Projects: The Lost Duver Garden

 

Arc is based by the sea, on the edge of the beautiful Brown’s Golf Course. It’s a fantastic location for lots of reasons, not least the opportunities it gives us for bug-hunting, birding and botanising! A while ago, we began to notice hints in the Yaverland flora of a coastal landscape long gone, interesting relics of a dune habitat that would have once shaped this part of The Bay.  Historic art and photographs which we’ve since tracked down offer evocative confirmation too, rolling dunes and pools between the river and the sea. We believe that public places and community spaces can deliver fantastic opportunities for wildlife encounter and exploration with sometimes just a tweak. This idea is pretty much central to everything we do, and nowhere more than here in The Bay working for the Coastal Community Team. And so, with all of this in mind, The Lost Duver project sprouted in our minds from the cracks in the Yaverland pavement!

So, we’ve started homing in on those botanical clues and making space for The Lost Duver around the Bay, the hope is to bring them together, in public places, street planting, parks and coastal walks, to create a 5-mile coastal garden. The project involves plant rescue, propagation, seed collection, a bit of guerrilla gardening and also all-important, tweaks to maintenance regimes. It’ll involve finding close relatives of our coastal plants too – a proper garden mix inspired by ecology so that it’s as rich a resource for biodiversity as possible, something that’s as appealing to wildlife as it will be to tourists and residents!  The new not-for-profit organisation, The Common Space (Facebook: TheBayTCS) has been set up to search out funds and support, and with the help of Dinosaur Isle, the Isle of Wight Council, the Bay CCT, Shanklin and Sandown Town Councils, the East Wight Landscape Partnership, Green Army volunteers, Artecology, Eccleston George, Tesco’s Bags of Help, and many more, it’s already starting to take shape.

One of our favourite spots is the little lawn by the canoe lake where sand blown in from the beach has tumbled over the roadside verge and very gradually begun to form its own small dune. With the permission of our excellent IWC Parks team, we are letting the sea couch to grow little longer here so that more sand will be trapped, growing the dune faster. We have started planting a mix of native coastal plants to complement the species already appearing and soon you will be able to enjoy a full spread of pink thrifts and sea spurrey, white sea carrot and sea mayweed, purple sea rocket and green sea beet.  Beyond the Pluto Pavilion, at the back of Browns Golf Course, we’ve dug a number of shallow ponds with the enthusiastic help of the Green Army. These are re-creations of dune slacks, the brackish and freshwater pools that would once have been a wetland haven for Bay wildlife. We have planted turfs of marsh orchids and ragged robin rescued from a nearby site and watched as these have seamlessly knit together with the marsh bedstraw and spearwort naturally reappearing. We’ve done a lot more digging and planting this winter and the pools are filling up with wildlife already… a snipe spotted last week and invertebrates moving in.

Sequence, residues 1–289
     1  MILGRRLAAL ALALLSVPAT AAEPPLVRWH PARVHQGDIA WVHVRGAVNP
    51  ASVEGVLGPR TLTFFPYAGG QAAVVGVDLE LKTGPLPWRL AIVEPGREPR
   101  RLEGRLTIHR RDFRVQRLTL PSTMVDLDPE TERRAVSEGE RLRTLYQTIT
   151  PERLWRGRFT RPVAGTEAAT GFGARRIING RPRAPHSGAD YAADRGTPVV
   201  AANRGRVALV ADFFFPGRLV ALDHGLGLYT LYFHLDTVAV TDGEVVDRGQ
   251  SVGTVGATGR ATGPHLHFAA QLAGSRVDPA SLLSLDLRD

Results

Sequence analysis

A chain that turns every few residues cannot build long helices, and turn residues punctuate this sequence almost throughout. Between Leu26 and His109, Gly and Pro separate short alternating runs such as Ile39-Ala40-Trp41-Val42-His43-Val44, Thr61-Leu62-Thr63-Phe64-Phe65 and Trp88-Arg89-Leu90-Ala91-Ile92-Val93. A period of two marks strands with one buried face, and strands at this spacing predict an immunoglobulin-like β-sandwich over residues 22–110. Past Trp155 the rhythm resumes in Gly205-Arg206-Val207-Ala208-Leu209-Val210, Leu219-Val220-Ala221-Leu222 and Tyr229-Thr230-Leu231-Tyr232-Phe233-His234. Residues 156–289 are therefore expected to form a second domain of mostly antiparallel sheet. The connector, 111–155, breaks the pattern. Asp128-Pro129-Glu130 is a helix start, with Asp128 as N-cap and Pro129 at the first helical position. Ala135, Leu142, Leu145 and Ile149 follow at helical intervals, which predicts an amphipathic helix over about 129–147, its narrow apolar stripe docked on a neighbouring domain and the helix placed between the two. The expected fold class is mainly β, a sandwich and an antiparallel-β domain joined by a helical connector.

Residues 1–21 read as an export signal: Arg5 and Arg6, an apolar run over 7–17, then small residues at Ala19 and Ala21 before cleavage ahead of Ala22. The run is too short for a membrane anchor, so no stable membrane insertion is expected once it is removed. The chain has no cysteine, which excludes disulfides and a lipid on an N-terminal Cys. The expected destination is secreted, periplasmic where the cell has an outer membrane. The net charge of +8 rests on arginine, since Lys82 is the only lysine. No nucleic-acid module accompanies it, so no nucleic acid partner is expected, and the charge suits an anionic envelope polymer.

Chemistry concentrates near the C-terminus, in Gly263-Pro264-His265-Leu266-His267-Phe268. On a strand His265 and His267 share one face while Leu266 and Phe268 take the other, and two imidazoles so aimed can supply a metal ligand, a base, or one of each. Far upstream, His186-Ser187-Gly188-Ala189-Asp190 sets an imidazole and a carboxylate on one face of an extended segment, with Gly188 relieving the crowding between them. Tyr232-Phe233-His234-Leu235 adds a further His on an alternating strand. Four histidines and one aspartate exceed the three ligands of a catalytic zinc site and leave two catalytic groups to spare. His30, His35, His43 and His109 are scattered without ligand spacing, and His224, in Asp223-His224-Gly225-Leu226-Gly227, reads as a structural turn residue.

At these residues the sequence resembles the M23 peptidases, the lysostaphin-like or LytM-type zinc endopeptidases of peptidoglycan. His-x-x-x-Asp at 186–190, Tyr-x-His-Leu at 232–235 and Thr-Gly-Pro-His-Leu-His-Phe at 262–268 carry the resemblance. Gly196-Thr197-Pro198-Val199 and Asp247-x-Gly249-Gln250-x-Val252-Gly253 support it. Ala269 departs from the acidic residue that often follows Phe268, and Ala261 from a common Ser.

There’s even a bit of guerrilla gardening… thrift and sea campion popping up along the Yaverland verges and roadsides to colour your drive-through!

Thanks to the Isle of Wight AONB’s East Wight Landscape Partnership ‘Down To The Coast’ supporting the project with funding this autumn, we were able to plant a new beach garden, called ‘The Seed Bank’ with the help of the Coastal Gardener and volunteers from Sandown Green Towns and Business Association. Sandown’s Brownies have sown their own seeds to grow on, along with visitors to our Discovery Bay weekend.

As you know, the not-for-profit organisation The Common Space, which has been set up to help fundraise and support public realm projects in the Bay won the public vote in the Tesco’s #BagsofHelp programme for the Lost Duver project recently. That’s a fantastic funding of £12,000 for plants and seeds, tools and storage!  Hundreds of plants have gone out around Yaverland this spring and more are going out around Shanklin and Sandown Green Towns volunteers.

Last year, we discussed some of these ideas with the ‘Britain In Bloom’ team when they visited Shanklin. They were especially interested in the concept of wildlife foodplants in public planting projects. This approach creates combinations of flowers that not only look beautiful but provide pollen, nectar, foliage, fruit and seeds that can support the wildlife special to an area. We’d like to make this a distinctive part of The Bay’s ‘In Bloom’ offer in 2017 and take it a bit further still – making the planters and hanging baskets wildlife habitats too! It’s all part of the Artecology movement that has its roots here in The Bay, but that’s another story!

In the meantime, watch this space and keep an eye on The Common Space Facebook page (TheBayTCS) for Lost Duver news and work party dates and come and join in; we need your help, and we’d love to hear your ideas for a plants-and-planting revolution in The Bay!

See our gallery for more images of the Lost Duver project.